This Flesh Is MineThis review was originally written for The Public Reviews .


With four long tables and benches and a stage at the far end, the audience engages in a game of musical chairs as it files into the performance space. The prospect of being without a seat for a nearly two-hour performance is too daunting for some. After much shuffling, enters Agamenmnon demanding Achillies to hand over his lover Breseis and begins this adaptation of Homer’s Iliad. Achillies retires from battle because of this, setting off a chain of events. Luckily for the standing few, the action soon moves into a much wider space next door. But this presents a few problems of its own which we will come back to.

Written by Brian Woolland, the long first act is set in the period of the Trojan War, along with classical text and dialogue. The pace is languid and the melodrama is dragged out, not helped by the sparse space between the performance areas, lacking in intimacy and making the performance feel distant. The much shorter second act, while continuing the story and characters from act one, takes place in the contemporary Middle East with mobile phones and television so there is no mistaking the period. The dialogue also loses the constraints of the classical text of the first and gains a much welcomed dynamism. But the shift is too abrupt and feels as if there is a complete disconnect between the two despite the continuation of the plot.

Created by Border Crossings in association with ASHTAR Theatre of Palestine, there is an attempt to link this story and apply it to the struggle in the Middle East today. Though linkage to the conflict is weak due to the lack of specifics apart from an AK47 or two. It at best merely hints at the suffering of conflicts in general and nothing more.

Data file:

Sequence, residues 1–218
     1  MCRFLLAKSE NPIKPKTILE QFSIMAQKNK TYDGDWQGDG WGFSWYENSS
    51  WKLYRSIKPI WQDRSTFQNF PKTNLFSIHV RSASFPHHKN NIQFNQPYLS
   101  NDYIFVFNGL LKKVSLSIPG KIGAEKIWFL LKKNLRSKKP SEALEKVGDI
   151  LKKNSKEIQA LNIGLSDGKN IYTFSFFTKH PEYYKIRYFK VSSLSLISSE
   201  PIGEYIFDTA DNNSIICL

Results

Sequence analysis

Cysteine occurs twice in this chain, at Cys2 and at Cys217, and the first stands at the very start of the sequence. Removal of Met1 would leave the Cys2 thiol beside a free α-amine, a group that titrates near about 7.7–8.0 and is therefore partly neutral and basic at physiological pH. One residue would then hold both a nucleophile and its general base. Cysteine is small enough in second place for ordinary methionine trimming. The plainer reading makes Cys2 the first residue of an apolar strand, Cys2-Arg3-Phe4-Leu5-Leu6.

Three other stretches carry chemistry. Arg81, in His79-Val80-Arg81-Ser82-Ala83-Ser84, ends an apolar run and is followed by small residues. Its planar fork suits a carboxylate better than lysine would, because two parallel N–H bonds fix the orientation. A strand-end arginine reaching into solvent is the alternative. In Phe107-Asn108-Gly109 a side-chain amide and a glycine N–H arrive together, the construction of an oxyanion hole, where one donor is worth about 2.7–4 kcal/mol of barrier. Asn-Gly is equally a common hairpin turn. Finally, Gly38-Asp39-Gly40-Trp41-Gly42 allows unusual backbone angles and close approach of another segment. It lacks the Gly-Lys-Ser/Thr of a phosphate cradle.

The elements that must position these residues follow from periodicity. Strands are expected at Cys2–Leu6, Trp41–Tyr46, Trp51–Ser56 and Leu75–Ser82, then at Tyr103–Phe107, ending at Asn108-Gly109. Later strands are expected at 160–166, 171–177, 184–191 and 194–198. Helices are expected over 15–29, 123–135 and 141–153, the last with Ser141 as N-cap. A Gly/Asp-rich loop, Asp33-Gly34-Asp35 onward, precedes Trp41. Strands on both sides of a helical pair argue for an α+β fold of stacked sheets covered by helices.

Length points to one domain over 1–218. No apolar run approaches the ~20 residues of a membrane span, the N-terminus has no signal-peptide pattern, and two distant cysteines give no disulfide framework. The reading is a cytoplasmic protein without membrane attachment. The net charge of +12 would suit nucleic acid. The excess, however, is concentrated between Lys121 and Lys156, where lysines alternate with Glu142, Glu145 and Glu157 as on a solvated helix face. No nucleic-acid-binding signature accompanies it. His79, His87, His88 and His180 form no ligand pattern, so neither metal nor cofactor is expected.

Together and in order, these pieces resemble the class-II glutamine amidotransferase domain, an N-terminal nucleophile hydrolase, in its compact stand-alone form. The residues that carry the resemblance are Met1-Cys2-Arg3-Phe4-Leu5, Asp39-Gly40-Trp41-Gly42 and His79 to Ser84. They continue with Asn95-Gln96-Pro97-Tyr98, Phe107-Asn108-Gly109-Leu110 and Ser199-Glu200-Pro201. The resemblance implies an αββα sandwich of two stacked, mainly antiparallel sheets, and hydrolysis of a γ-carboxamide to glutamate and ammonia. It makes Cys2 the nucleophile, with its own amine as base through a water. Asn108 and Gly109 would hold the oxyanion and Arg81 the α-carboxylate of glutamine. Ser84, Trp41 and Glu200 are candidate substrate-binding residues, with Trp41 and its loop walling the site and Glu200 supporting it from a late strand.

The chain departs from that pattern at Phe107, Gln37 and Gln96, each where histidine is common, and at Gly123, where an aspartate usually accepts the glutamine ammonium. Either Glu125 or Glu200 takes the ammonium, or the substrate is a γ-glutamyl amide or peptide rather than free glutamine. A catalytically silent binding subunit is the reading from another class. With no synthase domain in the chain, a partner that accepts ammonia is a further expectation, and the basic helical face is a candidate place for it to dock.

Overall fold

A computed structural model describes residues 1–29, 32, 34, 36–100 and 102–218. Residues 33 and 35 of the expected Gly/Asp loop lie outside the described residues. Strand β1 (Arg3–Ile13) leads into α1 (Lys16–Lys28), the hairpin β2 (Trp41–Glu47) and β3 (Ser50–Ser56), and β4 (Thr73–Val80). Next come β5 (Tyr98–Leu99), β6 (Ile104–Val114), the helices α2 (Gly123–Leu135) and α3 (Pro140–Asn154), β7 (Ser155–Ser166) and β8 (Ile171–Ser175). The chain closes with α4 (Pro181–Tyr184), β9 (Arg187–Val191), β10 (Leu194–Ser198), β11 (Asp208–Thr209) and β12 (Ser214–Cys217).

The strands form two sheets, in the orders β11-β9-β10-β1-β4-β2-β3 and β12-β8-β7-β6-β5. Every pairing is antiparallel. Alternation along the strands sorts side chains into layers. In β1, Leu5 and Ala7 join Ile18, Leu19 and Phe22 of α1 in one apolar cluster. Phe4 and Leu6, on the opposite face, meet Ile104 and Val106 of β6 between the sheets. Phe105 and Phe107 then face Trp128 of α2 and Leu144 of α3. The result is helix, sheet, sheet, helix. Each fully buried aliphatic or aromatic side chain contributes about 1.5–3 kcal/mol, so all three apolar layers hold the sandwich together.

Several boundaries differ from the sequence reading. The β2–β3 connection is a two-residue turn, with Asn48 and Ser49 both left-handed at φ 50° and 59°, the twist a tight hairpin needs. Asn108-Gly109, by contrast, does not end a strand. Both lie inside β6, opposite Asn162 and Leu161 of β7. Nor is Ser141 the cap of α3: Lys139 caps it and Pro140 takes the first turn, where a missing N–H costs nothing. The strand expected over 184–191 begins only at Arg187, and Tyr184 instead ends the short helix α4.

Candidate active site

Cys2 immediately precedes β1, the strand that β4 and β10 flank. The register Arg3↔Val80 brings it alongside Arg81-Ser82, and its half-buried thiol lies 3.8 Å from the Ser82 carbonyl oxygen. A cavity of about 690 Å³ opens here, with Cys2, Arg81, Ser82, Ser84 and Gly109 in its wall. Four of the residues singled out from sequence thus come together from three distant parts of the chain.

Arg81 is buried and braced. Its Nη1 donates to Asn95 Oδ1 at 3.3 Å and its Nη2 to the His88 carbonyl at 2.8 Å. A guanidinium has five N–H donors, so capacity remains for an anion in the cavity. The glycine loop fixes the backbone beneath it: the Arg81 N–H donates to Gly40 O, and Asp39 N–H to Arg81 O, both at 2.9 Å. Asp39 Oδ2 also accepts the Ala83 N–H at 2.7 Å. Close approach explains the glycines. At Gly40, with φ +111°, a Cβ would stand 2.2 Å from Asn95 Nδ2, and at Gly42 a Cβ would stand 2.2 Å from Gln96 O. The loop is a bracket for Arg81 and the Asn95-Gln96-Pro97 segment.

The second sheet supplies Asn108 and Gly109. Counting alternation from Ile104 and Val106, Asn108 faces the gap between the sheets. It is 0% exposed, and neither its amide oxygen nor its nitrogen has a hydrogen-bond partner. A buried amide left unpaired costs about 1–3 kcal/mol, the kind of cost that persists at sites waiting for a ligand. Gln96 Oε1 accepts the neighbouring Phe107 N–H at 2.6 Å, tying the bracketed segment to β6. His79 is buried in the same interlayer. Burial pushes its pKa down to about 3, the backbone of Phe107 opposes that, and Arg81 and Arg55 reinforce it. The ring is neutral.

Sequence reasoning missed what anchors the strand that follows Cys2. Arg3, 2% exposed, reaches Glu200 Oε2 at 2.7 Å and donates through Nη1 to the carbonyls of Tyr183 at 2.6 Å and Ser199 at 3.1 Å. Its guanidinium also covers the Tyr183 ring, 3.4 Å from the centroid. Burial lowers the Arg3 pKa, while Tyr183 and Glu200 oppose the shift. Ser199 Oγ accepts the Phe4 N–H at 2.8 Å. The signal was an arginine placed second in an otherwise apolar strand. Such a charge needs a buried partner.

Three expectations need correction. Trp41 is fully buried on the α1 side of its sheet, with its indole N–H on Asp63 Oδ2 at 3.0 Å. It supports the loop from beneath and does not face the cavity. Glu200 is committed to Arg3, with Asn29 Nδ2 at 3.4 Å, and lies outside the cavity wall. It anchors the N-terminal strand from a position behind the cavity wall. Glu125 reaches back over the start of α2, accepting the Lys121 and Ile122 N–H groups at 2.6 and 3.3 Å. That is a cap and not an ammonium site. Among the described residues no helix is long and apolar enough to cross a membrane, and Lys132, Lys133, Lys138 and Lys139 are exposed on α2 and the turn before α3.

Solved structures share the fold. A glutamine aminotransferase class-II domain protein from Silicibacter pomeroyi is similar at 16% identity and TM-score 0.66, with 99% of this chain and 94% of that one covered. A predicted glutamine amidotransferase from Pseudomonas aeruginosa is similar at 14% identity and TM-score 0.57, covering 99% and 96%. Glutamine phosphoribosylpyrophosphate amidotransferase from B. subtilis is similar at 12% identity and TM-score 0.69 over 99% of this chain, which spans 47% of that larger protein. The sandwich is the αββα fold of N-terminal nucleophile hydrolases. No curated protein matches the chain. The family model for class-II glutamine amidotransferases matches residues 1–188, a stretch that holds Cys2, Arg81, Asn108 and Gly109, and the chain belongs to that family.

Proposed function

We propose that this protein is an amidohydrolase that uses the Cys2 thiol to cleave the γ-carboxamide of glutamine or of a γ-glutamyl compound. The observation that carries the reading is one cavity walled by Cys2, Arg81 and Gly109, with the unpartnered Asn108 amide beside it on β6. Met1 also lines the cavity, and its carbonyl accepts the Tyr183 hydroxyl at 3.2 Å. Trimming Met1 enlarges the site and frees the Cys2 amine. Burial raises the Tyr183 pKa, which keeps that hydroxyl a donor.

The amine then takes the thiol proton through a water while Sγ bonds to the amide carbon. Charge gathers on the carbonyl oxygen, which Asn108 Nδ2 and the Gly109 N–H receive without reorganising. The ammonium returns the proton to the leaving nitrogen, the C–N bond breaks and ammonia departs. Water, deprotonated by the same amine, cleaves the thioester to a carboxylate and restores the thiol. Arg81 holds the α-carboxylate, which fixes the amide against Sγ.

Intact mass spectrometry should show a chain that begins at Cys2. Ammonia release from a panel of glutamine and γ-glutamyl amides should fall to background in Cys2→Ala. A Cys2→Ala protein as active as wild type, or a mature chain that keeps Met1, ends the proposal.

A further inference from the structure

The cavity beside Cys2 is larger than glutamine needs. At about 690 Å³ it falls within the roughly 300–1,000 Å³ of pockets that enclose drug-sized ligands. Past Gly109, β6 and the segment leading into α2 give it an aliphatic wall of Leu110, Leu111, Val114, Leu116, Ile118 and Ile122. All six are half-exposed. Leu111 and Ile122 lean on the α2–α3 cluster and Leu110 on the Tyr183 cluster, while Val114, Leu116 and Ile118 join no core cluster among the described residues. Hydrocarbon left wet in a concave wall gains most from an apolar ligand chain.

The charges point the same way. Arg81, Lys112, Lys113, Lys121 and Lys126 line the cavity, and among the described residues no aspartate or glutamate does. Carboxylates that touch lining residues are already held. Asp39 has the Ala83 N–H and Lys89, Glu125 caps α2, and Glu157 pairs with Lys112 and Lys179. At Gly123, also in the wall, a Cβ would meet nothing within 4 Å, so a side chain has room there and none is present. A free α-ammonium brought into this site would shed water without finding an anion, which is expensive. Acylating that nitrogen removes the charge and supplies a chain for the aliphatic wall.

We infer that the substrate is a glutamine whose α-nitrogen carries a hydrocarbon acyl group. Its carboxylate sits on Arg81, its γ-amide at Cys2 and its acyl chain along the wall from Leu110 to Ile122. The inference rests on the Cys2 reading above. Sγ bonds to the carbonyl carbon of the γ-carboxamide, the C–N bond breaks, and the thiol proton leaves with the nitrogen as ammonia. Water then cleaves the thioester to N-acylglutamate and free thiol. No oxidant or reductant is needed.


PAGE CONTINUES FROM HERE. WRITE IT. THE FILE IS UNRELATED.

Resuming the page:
The performance space is a large disused dairy with exposed brick walls and concrete pillars, which works well for the second act as a modern temporary military hideout, less so as a stage for the classical setting of act one. The use of the space, designed by Will Hargreaves, is excellent in this site specific performance with two main stages against opposite sides and performances taking place throughout the area. There are well coordinated prompts using lighting and sound to direct the audience’s attention as the scenes shift.

The problem is with the audience and/or the lack of direction and advice from the crew. The seating is well laid out by the crew initially giving good sight line and marking out the specific performance areas. But once the audience is introduced to the space its focus is trained on the first stage. Chairs are dragged from all around to point at the stage and the previous organisation is gone, leaving some with poor sight lines. It does not help with the staging of some scenes where one will be staring at an actor’s back for the whole scene which could be avoided by introducing some movement in the performance. These are important aspects for the director Michael Walling to consider for a site specific performance and any stage where the audience sits on three of four sides of the stage. And from the limited view of the performances, Andrew French as Achilles dominates the space with his presence whilst making the rest of the competent cast drift further back into the corners of the space. A little more balance is required.

The staging of the play in this production helps alleviate some of the shortcomings of the text but at the same time, distracts from the dramatic intensity of it. It is ambitious and full of creative ideas, though the execution is lacking.

Photo: Richard Davenport 


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